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Tummy Time: The Why’s and How’s of Baby’s Daily Workout!

January 7, 2013

2438220025_3fd5cdb912_zIn recent years, research has suggested that the risk of Sudden Infant Death Syndrome (SIDS) can be lowered by making sure that infants sleep on their backs. In fact, since moms and dads nationwide have been putting their babies to sleep in this way, incidences of SIDS have greatly decreased. But all of that time on baby’s back limits the amount of head movement, torso strengthening, and visual stimulation he receives, which is why Tummy Time is recommended by many pediatricians as early as two weeks of age.

Starting between two and four weeks of age, lay a mat on the floor for your baby and rest her on her tummy, allowing her to try to lift her head and move her torso freely. Many babies may be resistant to this at first, and you might want to start with just a 30 or 60 second session of Tummy Time each day. Gradually, you might increase those sessions to five or ten minutes, a couple of times per day. And if you find that your little one loves time on his tummy, you can allow him to see the world with his belly side down for up to 20 or 30 minutes at a time.

Tummy Time allows your baby to strengthen important muscles in her neck, torso, and arms. Babies on their bellies will lift their heads to get a view of the world, crane their necks, and lift their torsos. Research has determined that tummy time leads to better motor skills and easier crawling.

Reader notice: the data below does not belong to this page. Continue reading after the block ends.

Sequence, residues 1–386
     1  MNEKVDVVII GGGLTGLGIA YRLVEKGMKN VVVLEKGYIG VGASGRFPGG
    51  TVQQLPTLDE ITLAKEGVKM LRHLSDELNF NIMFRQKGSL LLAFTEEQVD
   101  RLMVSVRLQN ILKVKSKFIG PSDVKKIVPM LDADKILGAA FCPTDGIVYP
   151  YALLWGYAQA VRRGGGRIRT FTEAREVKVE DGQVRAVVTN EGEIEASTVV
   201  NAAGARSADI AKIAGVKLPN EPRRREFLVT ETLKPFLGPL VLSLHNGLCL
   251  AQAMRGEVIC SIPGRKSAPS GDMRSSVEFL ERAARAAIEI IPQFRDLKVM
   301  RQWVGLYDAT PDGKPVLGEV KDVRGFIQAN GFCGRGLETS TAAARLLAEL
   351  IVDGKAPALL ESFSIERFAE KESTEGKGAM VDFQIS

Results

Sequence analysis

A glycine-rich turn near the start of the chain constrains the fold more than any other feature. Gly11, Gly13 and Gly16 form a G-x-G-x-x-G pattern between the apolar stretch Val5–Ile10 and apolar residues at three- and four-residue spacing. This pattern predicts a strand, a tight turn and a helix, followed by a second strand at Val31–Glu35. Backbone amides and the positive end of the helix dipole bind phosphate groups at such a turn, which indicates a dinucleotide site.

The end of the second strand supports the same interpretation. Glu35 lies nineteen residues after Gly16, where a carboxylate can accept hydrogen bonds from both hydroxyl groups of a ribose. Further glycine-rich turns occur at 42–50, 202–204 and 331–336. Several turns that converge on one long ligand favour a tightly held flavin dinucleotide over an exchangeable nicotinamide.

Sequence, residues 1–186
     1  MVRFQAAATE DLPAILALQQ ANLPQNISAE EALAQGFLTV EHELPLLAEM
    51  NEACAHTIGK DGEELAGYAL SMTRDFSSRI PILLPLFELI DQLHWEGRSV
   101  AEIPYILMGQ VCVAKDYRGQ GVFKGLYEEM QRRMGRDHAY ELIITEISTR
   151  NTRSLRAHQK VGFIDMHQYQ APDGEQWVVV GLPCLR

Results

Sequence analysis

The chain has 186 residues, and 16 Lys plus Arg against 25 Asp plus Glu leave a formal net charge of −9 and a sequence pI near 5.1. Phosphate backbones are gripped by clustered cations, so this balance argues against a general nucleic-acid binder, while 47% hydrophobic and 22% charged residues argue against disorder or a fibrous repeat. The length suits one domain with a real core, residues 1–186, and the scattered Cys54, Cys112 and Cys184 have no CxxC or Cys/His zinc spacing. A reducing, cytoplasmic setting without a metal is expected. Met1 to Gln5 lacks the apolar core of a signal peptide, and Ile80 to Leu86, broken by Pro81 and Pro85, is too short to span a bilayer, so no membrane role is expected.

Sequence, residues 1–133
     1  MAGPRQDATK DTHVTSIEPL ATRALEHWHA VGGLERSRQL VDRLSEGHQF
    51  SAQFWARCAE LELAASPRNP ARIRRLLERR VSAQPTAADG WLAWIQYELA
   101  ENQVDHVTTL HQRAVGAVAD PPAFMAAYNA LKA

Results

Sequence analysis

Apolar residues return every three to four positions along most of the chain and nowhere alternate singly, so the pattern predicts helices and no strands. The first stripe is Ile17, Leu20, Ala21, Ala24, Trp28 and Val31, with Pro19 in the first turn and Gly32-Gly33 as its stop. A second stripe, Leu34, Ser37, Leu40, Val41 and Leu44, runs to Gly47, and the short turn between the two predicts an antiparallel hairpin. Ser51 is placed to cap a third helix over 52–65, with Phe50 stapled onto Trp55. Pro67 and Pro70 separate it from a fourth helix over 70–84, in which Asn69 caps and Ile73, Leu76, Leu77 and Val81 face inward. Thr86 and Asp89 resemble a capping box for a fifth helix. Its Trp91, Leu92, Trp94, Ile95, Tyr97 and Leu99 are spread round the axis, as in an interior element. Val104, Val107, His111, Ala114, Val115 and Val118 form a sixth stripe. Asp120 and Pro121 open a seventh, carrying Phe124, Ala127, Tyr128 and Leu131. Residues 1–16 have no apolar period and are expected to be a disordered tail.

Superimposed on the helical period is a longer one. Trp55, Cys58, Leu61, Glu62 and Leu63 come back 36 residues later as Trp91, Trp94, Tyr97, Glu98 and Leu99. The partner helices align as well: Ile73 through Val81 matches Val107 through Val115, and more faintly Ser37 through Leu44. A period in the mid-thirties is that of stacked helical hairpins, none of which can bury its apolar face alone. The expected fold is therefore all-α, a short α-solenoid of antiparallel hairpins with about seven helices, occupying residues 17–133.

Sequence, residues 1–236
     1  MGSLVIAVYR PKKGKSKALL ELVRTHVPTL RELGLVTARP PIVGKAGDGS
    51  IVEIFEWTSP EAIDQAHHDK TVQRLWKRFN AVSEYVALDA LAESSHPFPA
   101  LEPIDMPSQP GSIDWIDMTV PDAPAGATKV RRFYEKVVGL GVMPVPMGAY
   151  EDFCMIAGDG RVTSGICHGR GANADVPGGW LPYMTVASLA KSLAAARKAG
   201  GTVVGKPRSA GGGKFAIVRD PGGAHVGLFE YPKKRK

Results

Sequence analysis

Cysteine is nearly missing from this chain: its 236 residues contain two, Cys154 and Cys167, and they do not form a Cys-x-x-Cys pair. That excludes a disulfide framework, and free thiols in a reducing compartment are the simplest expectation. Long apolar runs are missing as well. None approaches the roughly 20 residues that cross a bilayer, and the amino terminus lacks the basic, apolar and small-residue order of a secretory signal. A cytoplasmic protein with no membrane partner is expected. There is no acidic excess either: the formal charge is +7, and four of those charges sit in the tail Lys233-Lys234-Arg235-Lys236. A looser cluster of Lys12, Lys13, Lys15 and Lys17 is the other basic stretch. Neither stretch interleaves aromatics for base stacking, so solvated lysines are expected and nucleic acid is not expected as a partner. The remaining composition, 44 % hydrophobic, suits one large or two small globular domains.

In addition, your baby gets the benefit of seeing his world right side up! This makes it easier for your baby to locate sources of sounds and movements. In addition, carrying your baby upright, holding her on your lap vertically, and letting her sit in a bouncy chair or stroller will allow her to experience the world in the correct orientation.

Babies can also develop a bit of a flat area on the backs of their heads if not given enough time off their backs. Allowing them to remain upright, or giving them time on their tummies, will help in the development of their head shape as they grow so rapidly in those early weeks and months.

If you have questions about when to start your baby on a Tummy Tim routine, or if you have difficulty getting him to focus and exercise while he’s on his belly, talk to your pediatrician. Sometimes, small adjustments can be made to the surface he’s lying on, his exact position, or the fit of his clothing, and can make a difference in how your baby experiences this important developmental exercise.

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